- The Washington Times - Tuesday, May 8, 2001

The prom is an event of profound excitement for many high school students. It also can be a night of red-alert status for parents, who wonder if the big night will turn into the big bust for their children.

In some ways, parents have good reason to be worried, says Cynthia Moore, a psychologist at Meade Senior High School in Anne Arundel County and a member of the National Association of School Psychologists.

"The prom is a time when students can test out their own values, because they will have to make a number of decisions independent of their parents," she says.

"First, how much money they will spend on their event. The type of date is also somewhat of a value judgment. And should there be sexual behavior? Involvement with drugs or alcohol? For some students, it is the first time to try out new behaviors."

In addition, says Ms. Moore, as the prom these days "is more of a group dating thing because of the expense, the peer pressure is greater." To top it off, she says, many parents choose prom night to relax curfew restrictions.

Although drug and alcohol consumption can be controlled during the actual event, what happens after the prom doors are closed and locked? Many schools, in accordance with parent-teacher associations, are leaving nothing to chance.

Prom-goers from Bowie High School in Prince George´s County, for example, will enjoy an after-prom event from 1 to 4 a.m. at the ESPN Zone in Northwest, near the site of their dance. Guests will be treated to games, snacks and a disc jockey spinning CDs, says Byran McReynolds, president of the school´s Parent, Teacher and Student Association.

That´s not all. Following the after-prom party, interested partiers will be fed breakfast back at the campus, courtesy of a local McDonald´s franchiser.

"The function of the after-prom is to have a drug- and alcohol-free party atmosphere where the kids can have a good time," Mr. McReynolds says.

"I think that most parents would tell you, 'Not my kid,´ but if a kid is going to a party, you don´t know who is chaperoning and who is going to be there. It´s not just enough to tell kids not to drink or use drugs you have to provide an alternative, and I think this does it."

Students from Madison High School in Vienna are invited to an elaborate PTSA-sponsored post-prom activity at a Tysons Corner health club. There they will enjoy indoor swimming and other sports, casino tables, digital-camera activities, door prizes and pizza, all donated.

Kathy Flinn is chairwoman of the after-prom-party committee and a languages teacher at Madison. Her son is an 11th-grader at the school.

"We´ve been doing this for about five years," she says. "When the prom was over, the kids wanted it to continue. They had done all this elaborate preparation and everything. So they would either go to someone´s home, which is OK, or worst-case scenario rent hotel rooms. Curfews were extended, and kids were making up stories. There was drinking and I don´t know what else."

Not all schools will be acting in loco parentis to monitor student behavior after the prom. When Arlington´s Washington-Lee High School prom is over, it´s over period. This does not bother Catherine Sauter, a social-studies teacher at W-L and the mother of a 17-year-old student who will attend W-L´s prom.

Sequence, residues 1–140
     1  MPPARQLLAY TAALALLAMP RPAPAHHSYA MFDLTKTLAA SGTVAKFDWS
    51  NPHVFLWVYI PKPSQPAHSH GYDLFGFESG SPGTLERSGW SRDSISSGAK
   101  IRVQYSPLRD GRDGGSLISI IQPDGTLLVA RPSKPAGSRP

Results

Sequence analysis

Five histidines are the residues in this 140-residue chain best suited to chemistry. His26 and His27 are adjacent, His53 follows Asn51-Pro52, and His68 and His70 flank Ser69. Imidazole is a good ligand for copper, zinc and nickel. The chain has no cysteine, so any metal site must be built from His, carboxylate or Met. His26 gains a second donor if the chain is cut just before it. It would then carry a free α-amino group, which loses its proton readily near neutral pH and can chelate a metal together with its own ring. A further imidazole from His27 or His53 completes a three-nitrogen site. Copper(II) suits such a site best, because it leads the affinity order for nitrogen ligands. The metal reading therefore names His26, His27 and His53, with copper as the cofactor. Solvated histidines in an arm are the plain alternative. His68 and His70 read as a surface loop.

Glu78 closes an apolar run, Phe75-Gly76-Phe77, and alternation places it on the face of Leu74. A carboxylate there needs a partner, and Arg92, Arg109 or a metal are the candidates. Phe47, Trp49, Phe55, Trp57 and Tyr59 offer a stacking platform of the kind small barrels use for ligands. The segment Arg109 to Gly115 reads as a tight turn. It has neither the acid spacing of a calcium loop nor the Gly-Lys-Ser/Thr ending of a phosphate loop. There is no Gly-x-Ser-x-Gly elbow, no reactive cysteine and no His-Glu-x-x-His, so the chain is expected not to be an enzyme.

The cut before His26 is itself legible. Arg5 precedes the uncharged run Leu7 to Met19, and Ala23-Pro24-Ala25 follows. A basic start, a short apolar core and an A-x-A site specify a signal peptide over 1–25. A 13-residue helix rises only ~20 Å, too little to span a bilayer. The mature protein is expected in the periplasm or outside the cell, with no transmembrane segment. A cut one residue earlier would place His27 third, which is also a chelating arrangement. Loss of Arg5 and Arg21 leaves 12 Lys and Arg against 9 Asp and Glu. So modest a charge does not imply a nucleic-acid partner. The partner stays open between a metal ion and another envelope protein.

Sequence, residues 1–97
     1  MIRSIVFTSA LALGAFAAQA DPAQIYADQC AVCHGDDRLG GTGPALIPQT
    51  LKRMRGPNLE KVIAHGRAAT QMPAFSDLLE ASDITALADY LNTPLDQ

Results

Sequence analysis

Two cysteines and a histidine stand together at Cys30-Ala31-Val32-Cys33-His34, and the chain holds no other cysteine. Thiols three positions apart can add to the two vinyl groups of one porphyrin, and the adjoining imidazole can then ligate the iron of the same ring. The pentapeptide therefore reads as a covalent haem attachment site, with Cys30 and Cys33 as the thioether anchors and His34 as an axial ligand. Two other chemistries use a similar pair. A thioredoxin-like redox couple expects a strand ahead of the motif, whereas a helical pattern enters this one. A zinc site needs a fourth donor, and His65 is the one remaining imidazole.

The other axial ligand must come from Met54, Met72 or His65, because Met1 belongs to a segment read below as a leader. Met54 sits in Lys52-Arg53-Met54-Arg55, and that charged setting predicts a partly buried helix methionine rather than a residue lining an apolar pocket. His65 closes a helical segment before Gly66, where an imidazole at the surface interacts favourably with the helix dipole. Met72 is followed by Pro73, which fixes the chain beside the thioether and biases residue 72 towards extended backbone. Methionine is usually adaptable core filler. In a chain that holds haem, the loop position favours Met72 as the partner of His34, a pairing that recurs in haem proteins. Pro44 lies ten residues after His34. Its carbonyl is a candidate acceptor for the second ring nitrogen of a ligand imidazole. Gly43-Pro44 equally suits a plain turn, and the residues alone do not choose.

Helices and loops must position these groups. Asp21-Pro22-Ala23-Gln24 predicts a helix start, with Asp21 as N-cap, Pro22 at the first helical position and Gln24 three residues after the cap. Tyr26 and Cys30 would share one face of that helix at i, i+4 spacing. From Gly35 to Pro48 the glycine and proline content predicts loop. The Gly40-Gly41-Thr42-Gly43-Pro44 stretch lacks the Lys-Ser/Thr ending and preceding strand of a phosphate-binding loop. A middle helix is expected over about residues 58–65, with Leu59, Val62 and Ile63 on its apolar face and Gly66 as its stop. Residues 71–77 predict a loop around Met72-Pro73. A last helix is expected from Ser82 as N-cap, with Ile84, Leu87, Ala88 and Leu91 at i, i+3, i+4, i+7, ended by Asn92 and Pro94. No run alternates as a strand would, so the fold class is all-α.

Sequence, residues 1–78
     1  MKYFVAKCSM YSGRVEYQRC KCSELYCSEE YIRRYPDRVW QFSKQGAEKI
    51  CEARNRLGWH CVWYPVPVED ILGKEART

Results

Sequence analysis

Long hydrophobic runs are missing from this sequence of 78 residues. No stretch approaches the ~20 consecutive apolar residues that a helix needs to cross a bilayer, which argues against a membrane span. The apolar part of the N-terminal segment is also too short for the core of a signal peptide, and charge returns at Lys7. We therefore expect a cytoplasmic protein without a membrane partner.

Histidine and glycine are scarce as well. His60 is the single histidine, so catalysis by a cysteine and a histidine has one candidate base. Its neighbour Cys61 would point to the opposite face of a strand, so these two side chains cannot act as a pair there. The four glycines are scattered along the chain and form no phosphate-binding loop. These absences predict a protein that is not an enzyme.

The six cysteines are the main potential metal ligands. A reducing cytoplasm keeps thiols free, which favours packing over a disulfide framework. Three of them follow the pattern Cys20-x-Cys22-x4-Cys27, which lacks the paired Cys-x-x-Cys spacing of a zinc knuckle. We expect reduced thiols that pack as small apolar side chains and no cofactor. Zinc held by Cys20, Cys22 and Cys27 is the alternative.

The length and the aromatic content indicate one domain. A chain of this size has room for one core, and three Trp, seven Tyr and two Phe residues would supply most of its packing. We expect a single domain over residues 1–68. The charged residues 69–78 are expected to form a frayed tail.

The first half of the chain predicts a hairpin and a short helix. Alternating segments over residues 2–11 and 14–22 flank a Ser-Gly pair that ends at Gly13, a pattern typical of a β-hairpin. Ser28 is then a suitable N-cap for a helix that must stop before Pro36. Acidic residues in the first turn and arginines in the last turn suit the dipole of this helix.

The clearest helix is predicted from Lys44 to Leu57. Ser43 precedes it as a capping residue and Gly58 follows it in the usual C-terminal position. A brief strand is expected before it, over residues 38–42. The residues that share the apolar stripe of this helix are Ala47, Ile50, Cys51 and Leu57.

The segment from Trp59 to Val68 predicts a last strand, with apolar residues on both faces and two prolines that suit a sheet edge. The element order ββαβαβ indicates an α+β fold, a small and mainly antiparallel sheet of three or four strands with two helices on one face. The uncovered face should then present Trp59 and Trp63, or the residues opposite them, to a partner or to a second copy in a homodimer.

"To me, having the school sponsor something after the prom it would be as if the school was exempting parents of their responsibility," she says.

What does make her happy, however, is that her son´s prom will be held in a free-standing facility, the Clarendon Ballroom in Arlington.

"As a parent, I appreciate the fact that the site is not connected to a hotel, so when students are there, they are focusing on the prom, not an alternative party in a rented room," she says.

Ms. Moore says parents can help their children have a safe and memorable prom experience by observing the following suggestions:

• Start talking about the prom early "like when the children begin high school" and air your expectations.

• Model your family values.

"For example, if you don´t want your child drinking at the prom, don´t let your kids see you drinking at your parties," Ms. Moore says.

• Sit down with your children and anticipate what kind of situations they might find themselves in and plan how they will respond.

"Say someone is driving them but not able to drive , how will they handle it? Should they have cab fare, or should they have another friend take them?" she says.

• Meet dates ahead of time before prom night so your children know that it matters to you who will be attending the event with them.

"Also, by meeting the parents, the date will be less likely to sway the other student to do something against their values because they have looked the parents in the eye," Ms. Moore says. "It might be a little awkward, but it depends how you set it up. Invite that person along for an activity, not an interrogation by Dad."

She says that if parents have maintained a good relationship with their children, "the prom is not something you will be particularly worried about. It´s a matter of trust. Certainly your kids are going to do some things you don´t want them to do, but that´s part of adolescence. Just let them know the consequences"

Anyway, she points out, two or three months post-prom, many of these students are going to be heading off to college or lives of their own anyway.

"Then you will have no control. You have to let them go, and by and large, they make the right choices," she says.


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